Three blocks over, and figuring the management wouldn’t want any part of a homeless guy, he left Tracy in the truck, went inside and paid the bill for a one-night stay.
“Tracy, I want you to rest up, warm up, take a shower, clean yourself up, and get a good night’s sleep. You know things aren’t gonna get much better if you keep doing that stuff.”
“Yeah, I know. Do you have any cigarettes?” Tracy asked for one last favor.
“No, I used to but not anymore. There’s a convenience store right across the street. I gave you $20, and it’s yours. You can do what you want with it. But I wish you wouldn’t spend it on cigarettes. But it’s yours.”
And as they said goodbye, “Oh, yeah, don’t forget to come by tomorrow, and I’ll have a blanket for you
. . . and maybe a little food.”
I’m embarrassed to admit there are more than a few days when I struggle parting with even one of my dollar bills for those standing on the corner. And for some reason I’m never even certain if I should.
As for Jeremy, he never thought twice, even though his own future is uncertain. The owner-partners of the bookstore he manages recently decided to part ways. At month’s end, he and his store will fall victims to their divorce.
Thus, and oh so ironically, in the not-too-distant future, Jeremy’s looking at being as unemployed as Tracy is—at least until he finds what’s next.
He knew all that, and he helped him anyway. A lot.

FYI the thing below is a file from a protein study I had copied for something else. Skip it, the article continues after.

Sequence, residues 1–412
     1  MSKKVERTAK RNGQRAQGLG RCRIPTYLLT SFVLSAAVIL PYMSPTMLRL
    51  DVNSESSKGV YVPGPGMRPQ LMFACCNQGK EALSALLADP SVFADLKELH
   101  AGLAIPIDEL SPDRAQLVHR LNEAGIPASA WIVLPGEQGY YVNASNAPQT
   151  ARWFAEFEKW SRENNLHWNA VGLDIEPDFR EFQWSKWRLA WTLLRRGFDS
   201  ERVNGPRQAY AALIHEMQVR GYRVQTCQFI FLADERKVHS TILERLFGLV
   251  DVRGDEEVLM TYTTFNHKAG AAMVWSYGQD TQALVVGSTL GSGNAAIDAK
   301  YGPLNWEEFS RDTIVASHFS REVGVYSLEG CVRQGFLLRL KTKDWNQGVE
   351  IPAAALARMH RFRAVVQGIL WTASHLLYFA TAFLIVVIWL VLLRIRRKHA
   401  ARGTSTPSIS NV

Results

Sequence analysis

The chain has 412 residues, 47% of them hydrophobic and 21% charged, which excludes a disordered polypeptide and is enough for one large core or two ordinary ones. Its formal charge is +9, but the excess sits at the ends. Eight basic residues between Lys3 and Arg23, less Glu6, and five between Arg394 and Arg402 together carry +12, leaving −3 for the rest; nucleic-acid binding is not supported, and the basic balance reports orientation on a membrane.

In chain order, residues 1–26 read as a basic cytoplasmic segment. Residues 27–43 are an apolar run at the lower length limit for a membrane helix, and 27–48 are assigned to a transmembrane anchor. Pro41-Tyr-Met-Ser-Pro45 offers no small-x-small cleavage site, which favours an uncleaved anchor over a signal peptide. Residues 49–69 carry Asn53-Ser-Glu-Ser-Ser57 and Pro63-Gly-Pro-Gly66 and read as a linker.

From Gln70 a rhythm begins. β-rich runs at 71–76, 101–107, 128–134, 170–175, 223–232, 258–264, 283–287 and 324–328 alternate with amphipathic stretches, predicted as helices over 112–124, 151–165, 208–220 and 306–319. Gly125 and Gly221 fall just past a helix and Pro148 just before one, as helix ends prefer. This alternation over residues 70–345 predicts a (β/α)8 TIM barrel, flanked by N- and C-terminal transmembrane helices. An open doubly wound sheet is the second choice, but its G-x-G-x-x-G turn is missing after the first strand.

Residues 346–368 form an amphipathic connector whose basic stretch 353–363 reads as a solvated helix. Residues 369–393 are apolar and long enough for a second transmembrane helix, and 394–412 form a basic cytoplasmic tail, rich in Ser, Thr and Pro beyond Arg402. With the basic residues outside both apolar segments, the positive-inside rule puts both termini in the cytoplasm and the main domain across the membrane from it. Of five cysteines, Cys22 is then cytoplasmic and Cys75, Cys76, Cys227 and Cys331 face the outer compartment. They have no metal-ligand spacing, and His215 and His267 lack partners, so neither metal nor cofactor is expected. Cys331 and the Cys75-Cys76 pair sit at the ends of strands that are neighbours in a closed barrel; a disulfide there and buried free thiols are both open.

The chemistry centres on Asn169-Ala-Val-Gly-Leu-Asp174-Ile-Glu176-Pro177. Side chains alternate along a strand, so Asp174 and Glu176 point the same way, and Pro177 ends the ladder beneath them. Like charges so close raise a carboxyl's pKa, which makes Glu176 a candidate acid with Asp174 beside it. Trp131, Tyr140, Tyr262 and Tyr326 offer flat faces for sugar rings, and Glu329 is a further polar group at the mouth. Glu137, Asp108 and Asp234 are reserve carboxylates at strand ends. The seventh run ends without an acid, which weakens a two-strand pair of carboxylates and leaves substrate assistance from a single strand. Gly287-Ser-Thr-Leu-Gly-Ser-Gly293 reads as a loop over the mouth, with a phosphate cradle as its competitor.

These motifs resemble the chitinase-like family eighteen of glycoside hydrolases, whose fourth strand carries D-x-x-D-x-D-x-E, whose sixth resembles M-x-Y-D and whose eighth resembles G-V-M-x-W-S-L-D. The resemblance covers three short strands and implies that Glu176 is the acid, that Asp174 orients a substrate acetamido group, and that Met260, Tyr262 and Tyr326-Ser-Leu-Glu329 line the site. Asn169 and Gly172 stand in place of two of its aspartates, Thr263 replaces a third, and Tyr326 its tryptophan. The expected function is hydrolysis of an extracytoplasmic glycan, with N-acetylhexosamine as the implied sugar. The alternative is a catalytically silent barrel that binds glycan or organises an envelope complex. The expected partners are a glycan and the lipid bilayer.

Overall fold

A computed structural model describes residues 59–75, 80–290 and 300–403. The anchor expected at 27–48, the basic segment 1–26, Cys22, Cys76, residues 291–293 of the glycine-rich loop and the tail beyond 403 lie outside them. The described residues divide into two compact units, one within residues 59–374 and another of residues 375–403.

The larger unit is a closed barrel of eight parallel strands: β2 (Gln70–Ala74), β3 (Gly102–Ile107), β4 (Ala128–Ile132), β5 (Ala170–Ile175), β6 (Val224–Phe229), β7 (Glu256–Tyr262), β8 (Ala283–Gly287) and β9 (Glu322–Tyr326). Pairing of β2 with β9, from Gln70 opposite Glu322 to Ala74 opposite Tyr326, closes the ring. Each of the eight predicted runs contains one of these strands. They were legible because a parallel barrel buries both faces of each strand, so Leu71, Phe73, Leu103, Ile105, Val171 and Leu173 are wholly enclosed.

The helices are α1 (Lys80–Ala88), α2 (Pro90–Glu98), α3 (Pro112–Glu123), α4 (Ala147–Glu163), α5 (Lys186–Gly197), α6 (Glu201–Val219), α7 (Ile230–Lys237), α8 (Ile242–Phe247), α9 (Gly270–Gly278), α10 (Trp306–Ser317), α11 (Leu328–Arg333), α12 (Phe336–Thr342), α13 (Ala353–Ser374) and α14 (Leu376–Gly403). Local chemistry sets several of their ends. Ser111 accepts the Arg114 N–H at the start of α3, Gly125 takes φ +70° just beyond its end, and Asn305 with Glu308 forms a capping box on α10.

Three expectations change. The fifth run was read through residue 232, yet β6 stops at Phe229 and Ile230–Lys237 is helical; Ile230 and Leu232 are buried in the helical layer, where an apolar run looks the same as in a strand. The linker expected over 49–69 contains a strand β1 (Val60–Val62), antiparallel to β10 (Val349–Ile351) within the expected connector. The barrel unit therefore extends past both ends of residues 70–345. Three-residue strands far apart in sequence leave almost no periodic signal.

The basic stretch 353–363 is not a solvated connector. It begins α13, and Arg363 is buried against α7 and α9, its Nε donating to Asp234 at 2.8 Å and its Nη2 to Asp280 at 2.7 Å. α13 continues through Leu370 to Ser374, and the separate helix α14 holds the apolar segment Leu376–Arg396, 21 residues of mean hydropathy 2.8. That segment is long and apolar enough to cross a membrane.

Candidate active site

That evening, Jeremy packed up one of the kids’ extra backpacks with a blanket, a few Little Debbies, and some peanut butter and crackers. But Tracy never returned. He wanders still.
I’ve never believed it entirely out of the question that Jesus does indeed occasionally return, disguised and unrecognized, to see how we might treat Him. Or maybe He’s sent someone.
“When did we see a stranger and welcome you? Or naked and clothe you?
“And the King will say to them in reply, ‘Whatsoever you do to the least of my brothers, you do unto me.’”
I’m not saying Tracy is Jesus; heck, he might not even know His name. But I do know he’s made in His image and likeness. Bad decisions and all. And that’s all that really matters.
It’s all that mattered to Jeremy.
Dear God—Please bless all who live like Tracy, and please help us live more like Jeremy. Amen.
George Valadie is a parishioner at St. Stephen Church in Chattanooga.